Vol 38 No 15
June 8, 2006
News & Notes
Out and About
June 29, 2006
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Address to Convocation
Dr. Roland T. Martin
First let me say how pleased I am to be here with such a wonderful group of proud and happy graduates in commerce, master of business administration, social work and master of social work. You have all achieved important personal and professional education goals, and are ready for the next stages in your individual lives where I am sure you will truly make a difference to your families, your community, and your chosen careers.
It is a privilege to be with the social work graduates. Your school had its genesis in 1963, while I was here at Memorial as a student. It has built a first class reputation for professional education at the bachelor and graduate degree levels, including a long history of internship education that, like the business faculty, adds practical experiences to the students’ programs.
It is especially meaningful for me to be here with graduates from the faculty of business, having been a commerce student, a member of faculty, and a life-long supporter of business education. I am so proud of what Memorial’s business students, faculty and staff have accomplished during the past three decades. Memorial’s business education and co-op programs are respected globally, as evidenced by its recent recognition at the 25th anniversary of the Concordia Case Competition as the most successful team in the history of the competition.
Thank you, Dr. Dale Foster, for being today’s convocation orator and for those creative and colourful words about me! It is truly a great personal honour to be recognized by my alma mater and to receive an honorary doctorate of laws. I used to marvel at the convocation sessions I attended in the 1960s and 1970s when our esteemed English professor, George Story, performed your role with exquisite prose and wit.
Yes, I did say the 1960s and 1970s! I attended Memorial as a freshman in the fall of 1961, at the impressionable age of 16! It is hard to believe that was 45 years ago! I watched Eleanor Roosevelt, widow of former United States President Franklin Roosevelt, one of the best known and most respected women of her day, participate in the opening ceremonies for our new campus. She also received an honorary doctorate. All of the buildings in those days were on the Elizabeth Avenue side: four initial academic buildings, two residences and the dining hall. The university’s total student enrolment that first year was approximately 1,900, compared with almost 18,000 students today in a vastly larger and modern university that includes the Corner Brook campus, the Marine Institute, Harlow Campus in England, and access to first and second years at the College of the North Atlantic.
My Screech Story
Before I get to my main remarks that I have titled, “Making a Difference, That’s What Memorial University Graduates Do,” I have a confession to make. When Dr. Axel Meisen, Memorial’s president and vice-chancellor, came to visit and advised me the Senate had approved awarding me an honorary degree, I thought I was at last being recognized and rewarded for my role in preserving a very important piece of Newfoundland and Labrador’s culture, and I might add, an important source of government revenue.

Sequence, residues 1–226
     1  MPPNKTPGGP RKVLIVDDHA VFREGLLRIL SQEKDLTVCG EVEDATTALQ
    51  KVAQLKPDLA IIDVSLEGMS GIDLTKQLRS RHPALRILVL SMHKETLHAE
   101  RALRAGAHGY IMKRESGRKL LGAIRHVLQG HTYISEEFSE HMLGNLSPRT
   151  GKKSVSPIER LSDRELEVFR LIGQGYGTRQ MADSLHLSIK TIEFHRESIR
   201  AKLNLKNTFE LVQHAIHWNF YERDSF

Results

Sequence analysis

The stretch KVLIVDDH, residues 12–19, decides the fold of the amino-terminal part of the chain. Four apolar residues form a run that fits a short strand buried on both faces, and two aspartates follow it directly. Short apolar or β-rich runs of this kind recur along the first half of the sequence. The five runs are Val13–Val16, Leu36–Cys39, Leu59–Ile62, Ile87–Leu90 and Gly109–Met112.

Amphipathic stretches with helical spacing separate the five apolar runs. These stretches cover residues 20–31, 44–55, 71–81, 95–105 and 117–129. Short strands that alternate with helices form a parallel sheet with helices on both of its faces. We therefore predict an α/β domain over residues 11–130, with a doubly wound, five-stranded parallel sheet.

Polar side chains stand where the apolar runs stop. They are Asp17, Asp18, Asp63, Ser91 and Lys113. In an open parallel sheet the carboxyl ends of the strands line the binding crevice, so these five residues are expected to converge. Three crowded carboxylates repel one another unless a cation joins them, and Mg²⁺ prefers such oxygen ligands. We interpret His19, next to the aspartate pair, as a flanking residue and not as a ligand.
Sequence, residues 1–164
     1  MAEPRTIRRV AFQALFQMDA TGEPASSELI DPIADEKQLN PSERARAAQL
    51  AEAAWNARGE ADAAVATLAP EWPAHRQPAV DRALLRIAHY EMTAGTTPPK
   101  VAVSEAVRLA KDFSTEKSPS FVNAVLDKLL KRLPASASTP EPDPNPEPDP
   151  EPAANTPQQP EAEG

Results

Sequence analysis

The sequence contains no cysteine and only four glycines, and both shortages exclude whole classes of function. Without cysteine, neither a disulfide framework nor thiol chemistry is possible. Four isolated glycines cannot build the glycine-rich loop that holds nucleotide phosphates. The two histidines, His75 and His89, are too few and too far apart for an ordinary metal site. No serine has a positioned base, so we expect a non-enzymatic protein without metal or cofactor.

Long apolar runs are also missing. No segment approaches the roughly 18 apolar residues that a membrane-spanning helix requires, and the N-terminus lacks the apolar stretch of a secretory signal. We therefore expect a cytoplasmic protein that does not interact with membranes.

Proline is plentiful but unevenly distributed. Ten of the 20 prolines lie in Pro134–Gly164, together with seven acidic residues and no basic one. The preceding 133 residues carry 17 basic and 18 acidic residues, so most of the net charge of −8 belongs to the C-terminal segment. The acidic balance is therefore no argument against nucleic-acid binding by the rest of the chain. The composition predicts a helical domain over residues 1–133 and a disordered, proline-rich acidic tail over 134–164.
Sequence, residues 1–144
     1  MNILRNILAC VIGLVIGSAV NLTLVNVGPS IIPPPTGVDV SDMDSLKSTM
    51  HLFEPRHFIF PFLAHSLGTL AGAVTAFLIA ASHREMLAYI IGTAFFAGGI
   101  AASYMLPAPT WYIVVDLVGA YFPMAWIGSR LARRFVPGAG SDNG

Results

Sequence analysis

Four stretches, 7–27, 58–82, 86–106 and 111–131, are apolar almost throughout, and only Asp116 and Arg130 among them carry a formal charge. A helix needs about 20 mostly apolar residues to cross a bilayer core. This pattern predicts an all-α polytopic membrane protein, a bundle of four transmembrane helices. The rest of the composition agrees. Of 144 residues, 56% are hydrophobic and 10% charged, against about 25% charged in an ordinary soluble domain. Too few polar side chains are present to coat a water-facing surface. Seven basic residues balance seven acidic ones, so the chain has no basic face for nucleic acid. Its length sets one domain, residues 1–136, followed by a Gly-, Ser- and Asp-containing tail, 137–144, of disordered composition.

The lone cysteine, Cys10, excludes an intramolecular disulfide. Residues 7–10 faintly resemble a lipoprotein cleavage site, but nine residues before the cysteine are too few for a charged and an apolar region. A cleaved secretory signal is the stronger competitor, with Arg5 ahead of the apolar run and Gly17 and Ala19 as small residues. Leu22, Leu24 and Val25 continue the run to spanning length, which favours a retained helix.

A little background is required. In 1972, shortly after Premier Frank Moores came to office, his government asked me if I could put together a group of professors with accounting, marketing and management skills and to perform a complete review of the operations of what was then the Newfoundland Liquor Commission. Two of those professors are still involved with the Business faculty; Professors Jim Barnes and Gar Pynn.
Our report resulted in the creation of the Newfoundland Liquor Corporation, with many operational and governance changes. However, one of the most interesting findings had to do with our world famous rum drink, Screech. We discovered that despite decades of bottling, selling and drinking Screech, of various qualities and formulas, no one had properly registered the trademark! Subsequently, lawyers were hired, Screech’s trademark was registered, and it became a legal asset of the Province. It is still bottled and sold by the Liquor Corporation, as I suspect some of you graduates already know!
When Dr. Meisen was outlining the background criteria for my honorary degree, he spoke of public service and business activities. Not wanting to raise doubts in Dr. Meisen’s mind about this collective judgment, I made no reference to my long association with our famous rum drink, including the fact we had named our first sailboat Screech! Can you imagine a world without our infamous “Screeching-in Ceremony” for visitors?
Making a difference
After that colourful personal sidebar, I will now return to the main theme of my remarks.
What do I mean by “making a difference?” What are the major segments of our personal and professional lives where one can make a difference, provide a sense of achievement, and create balance to our lives?
I choose to think of life as being comprised of three main segments: